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Shakespeare and the New Disease

The Dramatic Function of Syphilis in "Troilus and Cressida,</I> "Measure for Measure,</I> and "Timon of Athens</I>


Greg W. Bentley

This book makes several important contributions to our knowledge of Shakespeare and the Renaissance. First, Bentley's close and thorough analysis of the references to syphilis in Troilus and Cressida, Measure for Measure, and Timon of Athens illustrates how Shakespeare not only transforms a medical topic into imaginative literature, but more specifically it demonstrates how Shakespeare employs this «image cluster» to define and reveal major themes in the plays - sexual commercialism, slander, and usury, respectively. Second, Bentley's investigation of the imagery and themes in these plays provides evidence about their generic identity: rather than view these plays as traditional comedies or even problem plays, they should be looked at as comic or tragic satires.


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Chapter III. "the vice o' th' top": SYPHILIS AND SLANDER IN MEASURE FOR MEASURE 101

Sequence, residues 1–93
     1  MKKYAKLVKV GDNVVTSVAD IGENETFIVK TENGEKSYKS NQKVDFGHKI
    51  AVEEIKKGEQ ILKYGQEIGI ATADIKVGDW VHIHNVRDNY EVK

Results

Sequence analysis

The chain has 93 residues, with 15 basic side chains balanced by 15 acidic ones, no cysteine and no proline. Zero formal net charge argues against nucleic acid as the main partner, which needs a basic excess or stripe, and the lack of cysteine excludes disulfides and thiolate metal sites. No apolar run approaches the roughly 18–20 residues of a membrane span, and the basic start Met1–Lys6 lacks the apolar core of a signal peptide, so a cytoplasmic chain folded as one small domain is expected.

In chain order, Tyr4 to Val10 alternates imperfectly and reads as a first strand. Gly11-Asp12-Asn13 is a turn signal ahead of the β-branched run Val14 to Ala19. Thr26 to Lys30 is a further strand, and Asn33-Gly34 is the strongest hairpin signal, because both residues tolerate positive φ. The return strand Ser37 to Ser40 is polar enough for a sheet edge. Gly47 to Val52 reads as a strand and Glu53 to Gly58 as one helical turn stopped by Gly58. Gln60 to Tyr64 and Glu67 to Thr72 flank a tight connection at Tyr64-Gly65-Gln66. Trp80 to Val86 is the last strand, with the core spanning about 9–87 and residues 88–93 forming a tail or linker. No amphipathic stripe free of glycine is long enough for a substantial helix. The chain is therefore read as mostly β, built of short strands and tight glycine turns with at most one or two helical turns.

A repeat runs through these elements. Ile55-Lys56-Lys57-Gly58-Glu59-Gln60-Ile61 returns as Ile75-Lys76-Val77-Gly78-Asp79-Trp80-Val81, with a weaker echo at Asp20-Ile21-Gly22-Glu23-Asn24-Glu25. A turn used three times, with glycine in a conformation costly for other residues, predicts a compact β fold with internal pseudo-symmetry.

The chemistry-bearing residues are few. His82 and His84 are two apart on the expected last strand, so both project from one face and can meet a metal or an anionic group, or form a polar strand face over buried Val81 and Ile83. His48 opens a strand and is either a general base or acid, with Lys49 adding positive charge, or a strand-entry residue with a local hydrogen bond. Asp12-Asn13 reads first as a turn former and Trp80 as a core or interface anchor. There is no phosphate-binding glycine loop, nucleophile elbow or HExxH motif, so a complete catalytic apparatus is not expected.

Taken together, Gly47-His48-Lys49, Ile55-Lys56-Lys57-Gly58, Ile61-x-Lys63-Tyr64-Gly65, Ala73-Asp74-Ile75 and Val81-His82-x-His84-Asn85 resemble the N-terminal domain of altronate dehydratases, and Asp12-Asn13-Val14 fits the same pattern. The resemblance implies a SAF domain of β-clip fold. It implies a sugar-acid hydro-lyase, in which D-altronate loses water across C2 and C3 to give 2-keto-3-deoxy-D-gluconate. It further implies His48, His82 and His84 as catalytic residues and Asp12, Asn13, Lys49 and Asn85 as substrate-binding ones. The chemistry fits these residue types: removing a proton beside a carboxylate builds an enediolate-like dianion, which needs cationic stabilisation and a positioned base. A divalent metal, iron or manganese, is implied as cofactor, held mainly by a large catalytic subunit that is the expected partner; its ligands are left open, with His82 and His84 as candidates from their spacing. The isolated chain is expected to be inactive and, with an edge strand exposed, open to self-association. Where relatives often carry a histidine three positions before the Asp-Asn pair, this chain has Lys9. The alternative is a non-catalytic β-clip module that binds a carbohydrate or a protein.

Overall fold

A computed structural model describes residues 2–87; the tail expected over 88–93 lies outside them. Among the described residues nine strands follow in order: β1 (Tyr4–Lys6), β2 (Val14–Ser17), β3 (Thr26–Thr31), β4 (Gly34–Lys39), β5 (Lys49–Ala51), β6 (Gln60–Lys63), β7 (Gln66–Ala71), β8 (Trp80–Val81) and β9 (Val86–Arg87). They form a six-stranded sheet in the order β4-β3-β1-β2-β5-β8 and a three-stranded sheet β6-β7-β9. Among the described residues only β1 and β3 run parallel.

Chapter III "The vice o' th' top": Syphilis and Slander in Measure for Measure Like Troilus and Cressida, Measure for Measure has proven elusive. As with the earlier work, critics remain divided about the play's focus and generic form. A number of recent critics, for instance, aligning themselves with G. Wilson Knight, R. W. Chambers, and Roy Battenhouse, 1 emphasize the drama's religious elements and its Chris- tian framework. Centering primarily on allusions to the Gospels, par- ticularly the parables, Arthur Kirsch claims that "the language and action [of Measure for Measure] are explicitly and deeply concerned with central truths of Christian experience."2 Kirsch is in part correct, but he overlooks or ignores much evidence that qualifies his thesis. In a more balanced presentation, but one that still emphasizes the play's Christian elements, Louise Schleiner argues that the plot moves from moral thesis to immoral antithesis, ''tit for tat, measure for measure. The forces of human corruption . . . give back blow for blow to the duke's initiatives as a Christian ruler trying to imitate God." 3 After describing the "battle" between moral thesis and immoral antithesis, 101 Schleiner asks: "Is there a final synthesis?" and concludes, "No; the duke wins, but on points- there is no knock out. And the losers will doubtless soon challenge again."4 Like Kirsch, Schleiner is partly accurate; the Duke wins, but the losers, as I illustrate later, are not only knocked out for the full count, they are forced to retire from the sport...

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